The hacking crew behind damaging attacks on meat supplier JBS and customers of tech provider Kaseya has disappeared from the internet.
The so-called REvil group’s dark web site, dubbed the “Happy Blog,” has been down since early this morning. Repeated attempts by Forbes to access the page today have failed with a notice saying: “The most likely cause is that the onionsite is offline.” REvil’s other pages, including its ransom payment page, are also currently inaccessible, and its representatives have been quiet on hacking forums since late last week, according to numerous cybersecurity researchers.
There’s no information as to why REvil, believed to be operating out of Russia, may have disappeared. It could be due to law enforcement action, though no agency has yet claimed success in taking the group down. (The FBI declined to comment.) Last month, President Biden and Russian leader Vladimir Putin discussed cybersecurity issues, including the potential for the Kremlin to be more supportive of efforts to counter cybercriminals launching devastating attacks on U.S. businesses.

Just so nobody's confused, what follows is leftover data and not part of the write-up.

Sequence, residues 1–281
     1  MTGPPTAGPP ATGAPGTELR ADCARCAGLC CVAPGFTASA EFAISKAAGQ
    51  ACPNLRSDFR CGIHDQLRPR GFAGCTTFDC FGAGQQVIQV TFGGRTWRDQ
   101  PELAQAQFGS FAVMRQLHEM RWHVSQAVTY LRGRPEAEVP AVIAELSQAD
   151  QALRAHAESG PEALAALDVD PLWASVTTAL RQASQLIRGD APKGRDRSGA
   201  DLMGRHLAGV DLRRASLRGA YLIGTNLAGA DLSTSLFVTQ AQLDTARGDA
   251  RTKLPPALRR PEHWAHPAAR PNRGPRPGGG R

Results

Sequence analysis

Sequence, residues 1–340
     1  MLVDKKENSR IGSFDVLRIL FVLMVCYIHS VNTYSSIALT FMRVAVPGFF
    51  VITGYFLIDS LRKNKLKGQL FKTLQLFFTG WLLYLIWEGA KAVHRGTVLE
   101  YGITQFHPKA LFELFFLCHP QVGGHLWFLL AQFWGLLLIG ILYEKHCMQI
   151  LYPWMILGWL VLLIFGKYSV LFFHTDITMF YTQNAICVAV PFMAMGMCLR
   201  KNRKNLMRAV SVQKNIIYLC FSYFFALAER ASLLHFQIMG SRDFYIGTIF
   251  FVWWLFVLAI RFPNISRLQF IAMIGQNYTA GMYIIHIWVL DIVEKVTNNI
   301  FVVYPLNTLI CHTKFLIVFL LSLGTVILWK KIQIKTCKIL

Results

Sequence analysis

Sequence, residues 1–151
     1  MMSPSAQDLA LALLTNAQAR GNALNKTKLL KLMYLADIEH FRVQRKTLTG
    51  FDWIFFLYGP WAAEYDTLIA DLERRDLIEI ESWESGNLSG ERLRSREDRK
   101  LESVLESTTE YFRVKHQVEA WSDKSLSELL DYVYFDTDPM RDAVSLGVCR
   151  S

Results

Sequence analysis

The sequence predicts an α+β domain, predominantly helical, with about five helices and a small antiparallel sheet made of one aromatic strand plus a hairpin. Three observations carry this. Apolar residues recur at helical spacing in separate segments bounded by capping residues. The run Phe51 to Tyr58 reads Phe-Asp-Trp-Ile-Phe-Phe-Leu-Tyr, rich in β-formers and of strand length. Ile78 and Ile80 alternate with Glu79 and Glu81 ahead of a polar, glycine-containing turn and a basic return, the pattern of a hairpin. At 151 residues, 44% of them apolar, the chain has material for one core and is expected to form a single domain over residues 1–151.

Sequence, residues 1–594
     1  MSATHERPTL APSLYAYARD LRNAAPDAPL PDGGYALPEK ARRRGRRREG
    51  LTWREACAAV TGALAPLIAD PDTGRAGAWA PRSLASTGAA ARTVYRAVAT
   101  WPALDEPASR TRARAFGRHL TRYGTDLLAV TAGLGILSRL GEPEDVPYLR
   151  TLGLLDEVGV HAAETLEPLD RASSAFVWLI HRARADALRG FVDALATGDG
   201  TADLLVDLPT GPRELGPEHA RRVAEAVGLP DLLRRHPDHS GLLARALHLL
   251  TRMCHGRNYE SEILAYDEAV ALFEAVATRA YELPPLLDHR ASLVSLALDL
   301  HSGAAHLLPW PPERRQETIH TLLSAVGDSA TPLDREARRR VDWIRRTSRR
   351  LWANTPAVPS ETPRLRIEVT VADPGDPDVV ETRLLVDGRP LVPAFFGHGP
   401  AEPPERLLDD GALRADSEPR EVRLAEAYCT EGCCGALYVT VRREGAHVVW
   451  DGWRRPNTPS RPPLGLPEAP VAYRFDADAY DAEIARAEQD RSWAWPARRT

REvil may also have bailed due to the attention from its recent attacks. Or its sites may have simply gone down because of a technical issue. As Brett Callow, a ransomware tracker at cybersecurity firm Emsisoft, notes, the Happy Blog has gone down before and come back up, making it “too early to read anything into this.”
In a similar recent case, the DarkSide ransomware hackers disappeared from the web not long after its malware was used in the huge hack of Colonial Pipeline, which led to the shutdown of gas lines across the east coast of the U.S. In that case, some of the funds handed over in the $4 million ransom, paid in Bitcoin, were recovered by the Justice Department.
Outside of the hack of JBS, which led to an $11 million payment, REvil claimed a big scalp in an attack that exploited an unpatched “zero-day” vulnerability in tech made by Kaseya. By targeting that one tool, it managed to hack into many Kaseya customers, locking up files at as many as 1,500 separate businesses. Its ransom demand for that attack, and the release of the key to unlock files at all affected companies, was as high as $70 million, though it went down to $50 million. It’s unclear if any payment was made.
In recent months, REvil also claimed hacks of renewable energy supplier Invenergy, PC maker Acer and Apple supplier Quanta Computer. According to data from cybersecurity firm Check Point, it saw 15 attacks carried out by REvil per week over the last two months.